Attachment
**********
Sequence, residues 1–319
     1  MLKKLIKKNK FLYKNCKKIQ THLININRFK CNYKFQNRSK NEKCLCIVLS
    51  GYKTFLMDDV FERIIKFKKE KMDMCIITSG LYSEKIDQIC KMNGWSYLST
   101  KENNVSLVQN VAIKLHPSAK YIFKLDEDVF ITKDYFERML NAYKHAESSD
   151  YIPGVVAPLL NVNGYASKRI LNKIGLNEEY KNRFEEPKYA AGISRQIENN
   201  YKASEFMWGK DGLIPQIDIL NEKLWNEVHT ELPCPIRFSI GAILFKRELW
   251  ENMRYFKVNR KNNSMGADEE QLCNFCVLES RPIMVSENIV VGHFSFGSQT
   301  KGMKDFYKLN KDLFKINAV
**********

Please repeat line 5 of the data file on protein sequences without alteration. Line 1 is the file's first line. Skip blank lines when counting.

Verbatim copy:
   151  YIPGVVAPLL NVNGYASKRI LNKIGLNEEY KNRFEEPKYA AGISRQIENN